Direct and reversible hydrogen storage of lithium hydride (LiH) nanoconfined in high surface area graphite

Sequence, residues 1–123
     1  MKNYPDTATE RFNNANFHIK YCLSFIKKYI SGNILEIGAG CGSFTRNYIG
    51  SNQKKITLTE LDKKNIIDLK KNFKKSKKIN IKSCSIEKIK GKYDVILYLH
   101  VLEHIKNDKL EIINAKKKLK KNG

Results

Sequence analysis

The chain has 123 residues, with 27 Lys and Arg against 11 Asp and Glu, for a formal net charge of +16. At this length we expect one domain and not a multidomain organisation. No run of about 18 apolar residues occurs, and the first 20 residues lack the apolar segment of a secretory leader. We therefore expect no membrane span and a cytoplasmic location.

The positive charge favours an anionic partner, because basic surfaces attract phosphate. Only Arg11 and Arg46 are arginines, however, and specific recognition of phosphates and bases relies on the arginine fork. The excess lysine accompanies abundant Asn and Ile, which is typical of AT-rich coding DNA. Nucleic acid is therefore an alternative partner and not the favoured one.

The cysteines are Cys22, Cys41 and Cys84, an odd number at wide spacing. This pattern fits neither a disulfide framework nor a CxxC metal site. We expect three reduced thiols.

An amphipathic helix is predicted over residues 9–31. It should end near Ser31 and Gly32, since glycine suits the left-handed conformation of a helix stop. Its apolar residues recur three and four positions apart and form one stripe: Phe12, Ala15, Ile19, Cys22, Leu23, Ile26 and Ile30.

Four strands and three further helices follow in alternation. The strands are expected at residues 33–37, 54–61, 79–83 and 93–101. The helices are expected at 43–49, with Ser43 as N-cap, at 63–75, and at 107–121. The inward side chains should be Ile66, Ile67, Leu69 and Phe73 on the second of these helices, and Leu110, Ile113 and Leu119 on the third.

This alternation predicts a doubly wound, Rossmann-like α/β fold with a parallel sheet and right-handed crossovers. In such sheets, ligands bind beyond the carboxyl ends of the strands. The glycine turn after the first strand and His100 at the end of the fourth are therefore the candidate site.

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LiH has great potential as a high capacity hydrogen storage material (12 wt.%), however its thermodynamic stability has so far precluded practical application. Temperatures near 700 °C are required for hydrogen release and uptake. Herein, we report on a novel method to realise hydrogen uptake and release under milder temperature conditions without using any catalyst or alloying. Through nanoconfinement within the pores (2–20 nm) of high surface area graphite (HSAG) LiH displayed remarkable hydrogen storage properties and was able to release 1.9 wt.% of hydrogen from 200 °C. Reversibility was also achieved under the moderate conditions of 300 °C and 6 MPa hydrogen pressure. This demonstrates that the properties of LiH are particle size dependent and thus leads to new possibilities to realise the potential of LiH as a practical high capacity hydrogen storage material.
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